We tested with four brands of ammo, Remington 55 grain, Winchester 50 grain, Hornady 40 grain and Federal 40 grain. Most fur hunters who shoot larger varmints like coyotes seem to like 55-grain bullets best in this caliber (and in the Swift). We thought it would be interesting to see if the rifle would shoot well with the newer, lighter bullets as loaded by Hornady and Federal. The Sako liked all the ammo about equally, and worked perfectly with all four brands. It had no grand favorites, though the Winchester 50-grain did make one stunning cluster of three shots.
The Howa was made in Japan, and imported by Legacy Sports International, of Virginia. We thought this rifle was striking in appearance. The metalwork was uniformly matte blued, and the eye-catching stock had a pleasant orange cast, the combination designated by Howa as Nutmeg/Blue. Available options include a gray-black stock and stainless steel metalwork, and you can mix and match as you see fit. Other calibers in this rifle configuration are limited to .308 and .223.
Either you like thumbhole stocks or you don’t. We confess we didn’t care for them much, but the look and feel of the Howa treatment changed our minds. The laminated stock looked just great. Made by Boyd’s Gunstock Industries, it had excellent workmanship and finish, we thought. The stock seemed to lend itself to excellent trigger control. We were able to hold this rifle on target (using our machine rest) easier than the Sako, though the Howa had a trigger pull about a pound heavier.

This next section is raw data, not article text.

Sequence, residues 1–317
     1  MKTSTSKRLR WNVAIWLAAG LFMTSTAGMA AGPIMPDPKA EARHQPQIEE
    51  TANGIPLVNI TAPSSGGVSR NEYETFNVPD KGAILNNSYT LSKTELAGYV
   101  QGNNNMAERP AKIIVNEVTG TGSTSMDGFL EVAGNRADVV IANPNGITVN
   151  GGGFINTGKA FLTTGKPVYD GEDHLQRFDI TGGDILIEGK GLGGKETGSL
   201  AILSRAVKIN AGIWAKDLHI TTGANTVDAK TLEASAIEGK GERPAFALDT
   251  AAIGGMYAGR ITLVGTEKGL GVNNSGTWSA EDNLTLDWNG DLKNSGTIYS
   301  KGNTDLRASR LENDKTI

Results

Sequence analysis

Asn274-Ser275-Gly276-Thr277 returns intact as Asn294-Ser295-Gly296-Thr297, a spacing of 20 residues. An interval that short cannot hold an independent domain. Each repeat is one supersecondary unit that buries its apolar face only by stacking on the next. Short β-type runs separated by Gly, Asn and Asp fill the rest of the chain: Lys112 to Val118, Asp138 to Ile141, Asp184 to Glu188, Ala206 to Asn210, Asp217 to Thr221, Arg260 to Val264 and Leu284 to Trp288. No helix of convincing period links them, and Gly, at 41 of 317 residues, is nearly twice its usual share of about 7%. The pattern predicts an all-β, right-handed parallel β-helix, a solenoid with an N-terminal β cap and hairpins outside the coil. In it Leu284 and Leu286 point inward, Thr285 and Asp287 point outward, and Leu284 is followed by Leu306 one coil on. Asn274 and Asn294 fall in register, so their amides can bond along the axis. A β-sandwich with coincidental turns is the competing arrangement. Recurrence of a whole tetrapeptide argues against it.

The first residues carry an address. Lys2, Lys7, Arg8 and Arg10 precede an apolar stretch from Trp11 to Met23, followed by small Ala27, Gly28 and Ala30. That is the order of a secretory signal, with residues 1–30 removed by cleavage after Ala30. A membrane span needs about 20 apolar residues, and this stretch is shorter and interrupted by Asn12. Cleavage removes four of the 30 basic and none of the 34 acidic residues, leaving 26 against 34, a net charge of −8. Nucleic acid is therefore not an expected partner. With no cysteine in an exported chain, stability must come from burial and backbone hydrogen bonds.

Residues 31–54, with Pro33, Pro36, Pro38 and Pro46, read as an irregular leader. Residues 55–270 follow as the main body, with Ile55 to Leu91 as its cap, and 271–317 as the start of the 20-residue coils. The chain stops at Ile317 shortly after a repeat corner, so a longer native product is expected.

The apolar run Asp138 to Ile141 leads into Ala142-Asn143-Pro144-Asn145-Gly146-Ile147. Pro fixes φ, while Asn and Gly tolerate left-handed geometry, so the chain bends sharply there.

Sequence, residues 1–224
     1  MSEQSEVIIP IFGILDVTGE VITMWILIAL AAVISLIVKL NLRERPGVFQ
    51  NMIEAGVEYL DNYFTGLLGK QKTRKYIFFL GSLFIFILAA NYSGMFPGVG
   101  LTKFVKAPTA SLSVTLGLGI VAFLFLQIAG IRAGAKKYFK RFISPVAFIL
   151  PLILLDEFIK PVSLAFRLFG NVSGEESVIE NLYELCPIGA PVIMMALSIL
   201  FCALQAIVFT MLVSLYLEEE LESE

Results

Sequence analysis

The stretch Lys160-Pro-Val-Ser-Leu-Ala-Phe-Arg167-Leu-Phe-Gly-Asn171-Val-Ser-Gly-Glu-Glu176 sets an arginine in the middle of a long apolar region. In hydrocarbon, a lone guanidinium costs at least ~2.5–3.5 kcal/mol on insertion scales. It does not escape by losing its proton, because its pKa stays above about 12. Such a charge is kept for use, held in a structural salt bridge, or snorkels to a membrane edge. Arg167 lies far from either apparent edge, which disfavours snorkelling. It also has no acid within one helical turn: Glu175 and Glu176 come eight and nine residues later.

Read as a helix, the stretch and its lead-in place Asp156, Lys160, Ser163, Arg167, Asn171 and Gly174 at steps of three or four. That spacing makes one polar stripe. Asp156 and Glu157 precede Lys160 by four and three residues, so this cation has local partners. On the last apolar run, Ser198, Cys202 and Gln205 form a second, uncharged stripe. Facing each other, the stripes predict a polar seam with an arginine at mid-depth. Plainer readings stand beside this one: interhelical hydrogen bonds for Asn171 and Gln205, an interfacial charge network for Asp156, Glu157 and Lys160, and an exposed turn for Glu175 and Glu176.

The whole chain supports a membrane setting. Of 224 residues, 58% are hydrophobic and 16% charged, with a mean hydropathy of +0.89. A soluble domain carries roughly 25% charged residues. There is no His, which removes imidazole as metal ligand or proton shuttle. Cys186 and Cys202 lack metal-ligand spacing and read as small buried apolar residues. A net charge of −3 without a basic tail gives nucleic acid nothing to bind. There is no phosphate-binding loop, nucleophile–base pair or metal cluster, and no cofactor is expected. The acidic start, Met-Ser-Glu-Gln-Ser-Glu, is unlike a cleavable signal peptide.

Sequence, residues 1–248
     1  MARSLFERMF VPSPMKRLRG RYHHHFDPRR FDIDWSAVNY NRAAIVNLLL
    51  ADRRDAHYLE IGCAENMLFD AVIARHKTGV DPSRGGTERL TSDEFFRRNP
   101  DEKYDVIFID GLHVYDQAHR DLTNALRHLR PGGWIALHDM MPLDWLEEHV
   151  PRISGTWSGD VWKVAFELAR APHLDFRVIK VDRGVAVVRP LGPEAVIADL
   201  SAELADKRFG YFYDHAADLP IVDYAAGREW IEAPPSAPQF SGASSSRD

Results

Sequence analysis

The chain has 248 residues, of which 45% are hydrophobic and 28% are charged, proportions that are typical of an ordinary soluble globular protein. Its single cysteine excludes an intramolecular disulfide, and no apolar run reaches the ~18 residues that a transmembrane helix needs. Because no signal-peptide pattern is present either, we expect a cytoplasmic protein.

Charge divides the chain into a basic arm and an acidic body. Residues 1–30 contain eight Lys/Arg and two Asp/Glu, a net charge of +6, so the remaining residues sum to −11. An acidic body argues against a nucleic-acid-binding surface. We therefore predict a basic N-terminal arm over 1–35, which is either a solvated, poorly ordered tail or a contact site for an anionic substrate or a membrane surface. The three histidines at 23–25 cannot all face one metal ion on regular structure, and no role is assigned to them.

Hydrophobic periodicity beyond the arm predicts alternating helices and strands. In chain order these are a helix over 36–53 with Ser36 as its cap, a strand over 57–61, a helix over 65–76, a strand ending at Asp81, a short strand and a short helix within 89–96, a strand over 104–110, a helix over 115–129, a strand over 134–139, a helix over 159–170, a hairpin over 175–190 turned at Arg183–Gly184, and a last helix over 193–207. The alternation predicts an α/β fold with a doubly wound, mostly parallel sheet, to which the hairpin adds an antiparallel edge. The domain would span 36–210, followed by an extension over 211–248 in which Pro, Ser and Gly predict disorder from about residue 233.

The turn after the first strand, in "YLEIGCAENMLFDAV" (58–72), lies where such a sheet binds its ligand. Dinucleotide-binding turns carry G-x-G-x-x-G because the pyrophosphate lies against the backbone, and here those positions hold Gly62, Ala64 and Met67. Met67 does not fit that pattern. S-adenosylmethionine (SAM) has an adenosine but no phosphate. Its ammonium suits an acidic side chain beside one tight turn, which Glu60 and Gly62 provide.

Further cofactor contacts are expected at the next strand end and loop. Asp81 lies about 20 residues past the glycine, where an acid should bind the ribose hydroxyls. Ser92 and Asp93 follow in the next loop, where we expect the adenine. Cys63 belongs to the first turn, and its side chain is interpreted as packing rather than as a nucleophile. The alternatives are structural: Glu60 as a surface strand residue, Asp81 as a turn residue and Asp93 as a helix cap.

The forend was wide, a typical beavertail design. The stock had a sling-swivel stud at its foremost end, pretty much out of the way, we thought, so it wouldn’t need to be removed. There was also a second sling-swivel stud near the toe of the stock. The stock had three slots through the forend to help cool the barrel. The stock was set up for right handers. Lefties were totally lost with this one. The stock had a butt pad that made no promises to reduce recoil, which was essentially nonexistent anyway on these heavy rifles. The pad was very hard, but ribbed to provide excellent traction on the shoulder, regardless of the type of clothing worn. It was fitted well to the wood. The overall fit and finish of the Howa was as good as on the Sako, and the inletting was at least as good if not better, in our opinion.
The 24-inch barrel was hammer forged, and featured cut rifling, per the manufacturer’s catalog. One interesting feature was that the barrel was drilled and tapped for a barrel-mounted scope block, if desired. The action was drilled and tapped for normal mounts, and we used these to mount a Bausch & Lomb 36X scope in Weaver rings and bases. Again the action was longer than needed for the cartridge. The action was a bit rough at first, but smoothed up with use. It never got as slick as the Sako’s bolt.